Is an education what many believe it to be -- formal schooling -- or is it something more? It seems like something more as we begin this episode talking about our first memories of education...it didn't start with school. But, obviously, one cannot discuss education without [mostly] talking about school. After our early memories of being educated about something, we move on to this question: "Did you have any teachers that inspired and changed your life like you see in movies?"
Maybe we did; maybe we didn't...you'll have to listen to find out, but we definitely had teachers who soured us on schooling. So often, teachers are held up in high regard, but is it justified when so many teachers aren't all that great? (Not saying for a moment that a good teacher should be lumped in with the actions of poor teachers, but so often you hear things like, "Teachers should be paid more than athletes," and, truth be told...there are a lot of shitty teachers out there who probably don't deserve what they are already paid!)
After that, it's on to standardized testing and the money that's tied to it. Is standardized testing good or bad? Is one who tests well "educated" -- is it possible to solve problems and be smart and not test well? (You can probably guess where we stand!) Does more money solve problems in districts, or are there bigger problems with education that money alone can't solve? Hell, why not just ask if the public school model is outdated altogether?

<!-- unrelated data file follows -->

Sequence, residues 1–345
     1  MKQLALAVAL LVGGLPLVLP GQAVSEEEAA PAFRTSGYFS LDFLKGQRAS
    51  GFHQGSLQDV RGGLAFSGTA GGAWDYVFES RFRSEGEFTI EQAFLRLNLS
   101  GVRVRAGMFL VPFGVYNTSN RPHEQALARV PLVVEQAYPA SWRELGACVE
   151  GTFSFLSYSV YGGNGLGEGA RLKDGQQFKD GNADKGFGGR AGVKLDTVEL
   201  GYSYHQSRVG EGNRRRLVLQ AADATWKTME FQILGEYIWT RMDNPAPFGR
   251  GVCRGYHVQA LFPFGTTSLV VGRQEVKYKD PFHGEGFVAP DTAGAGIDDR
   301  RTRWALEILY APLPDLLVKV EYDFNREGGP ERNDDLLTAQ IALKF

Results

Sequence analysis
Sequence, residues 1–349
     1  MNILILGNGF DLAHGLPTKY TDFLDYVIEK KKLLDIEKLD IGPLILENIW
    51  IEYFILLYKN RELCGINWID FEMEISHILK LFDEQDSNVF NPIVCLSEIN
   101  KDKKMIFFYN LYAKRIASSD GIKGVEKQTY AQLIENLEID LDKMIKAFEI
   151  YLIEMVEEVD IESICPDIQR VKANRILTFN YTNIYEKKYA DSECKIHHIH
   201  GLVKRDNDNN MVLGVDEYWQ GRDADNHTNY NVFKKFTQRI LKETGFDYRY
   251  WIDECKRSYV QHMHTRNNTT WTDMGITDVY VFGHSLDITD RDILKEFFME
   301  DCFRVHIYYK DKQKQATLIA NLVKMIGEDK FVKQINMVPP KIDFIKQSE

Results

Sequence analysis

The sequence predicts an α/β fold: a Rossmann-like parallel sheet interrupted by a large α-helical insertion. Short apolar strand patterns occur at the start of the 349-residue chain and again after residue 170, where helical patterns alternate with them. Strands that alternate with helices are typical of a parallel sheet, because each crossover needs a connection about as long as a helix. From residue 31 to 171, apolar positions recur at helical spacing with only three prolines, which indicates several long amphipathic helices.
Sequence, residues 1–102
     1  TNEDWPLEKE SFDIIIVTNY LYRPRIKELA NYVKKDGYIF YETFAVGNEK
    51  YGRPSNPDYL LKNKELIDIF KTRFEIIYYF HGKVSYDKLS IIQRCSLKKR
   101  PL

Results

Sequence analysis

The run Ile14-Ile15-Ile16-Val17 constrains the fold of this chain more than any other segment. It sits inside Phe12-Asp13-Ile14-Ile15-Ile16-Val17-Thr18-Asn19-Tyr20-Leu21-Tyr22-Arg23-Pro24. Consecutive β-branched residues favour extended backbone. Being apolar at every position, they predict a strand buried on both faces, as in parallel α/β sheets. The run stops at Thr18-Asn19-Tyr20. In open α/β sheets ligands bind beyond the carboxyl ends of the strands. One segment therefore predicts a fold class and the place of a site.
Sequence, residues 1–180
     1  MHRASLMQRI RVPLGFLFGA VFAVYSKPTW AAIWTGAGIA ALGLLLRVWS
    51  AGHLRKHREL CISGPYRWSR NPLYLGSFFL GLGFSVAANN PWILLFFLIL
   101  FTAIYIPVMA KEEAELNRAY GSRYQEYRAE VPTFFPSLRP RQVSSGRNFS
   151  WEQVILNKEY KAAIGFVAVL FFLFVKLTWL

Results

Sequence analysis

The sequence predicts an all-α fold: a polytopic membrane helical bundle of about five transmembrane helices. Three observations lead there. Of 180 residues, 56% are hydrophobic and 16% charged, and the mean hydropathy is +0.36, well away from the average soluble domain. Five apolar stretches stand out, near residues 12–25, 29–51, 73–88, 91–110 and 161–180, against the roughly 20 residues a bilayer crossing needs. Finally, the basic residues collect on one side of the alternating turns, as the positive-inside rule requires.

We take a different track and ask how we'd see our own children educated before stepping into home schooling/unschooling. Is homeschooling and unschooling bad? What about the arguments about socialization: is a school a good place for socialization, or can it be like Lord of the Flies for many, destroying the confidence of so many kids who would otherwise be social in other environments?
While most of this episode focuses on primary and secondary education, it's off to college...but is college worth it? Does a traditional education and college prepare younger people for adulthood and the real world, or is it more about discipline and then wondering why the person who previously had to ask for permission to use the restroom isn't suddenly the problem-solving adult they are expected to be after graduating high school?
Breaking from tradition, we move on to other interesting ways of educating people. After that, we build a time machine and go back with the ability to shape our own educations -- find out what we would have changed and how we'd have preferred to have been educated. And, as always, we wrap it all up by discussing the future...this time, what the future of education might be like...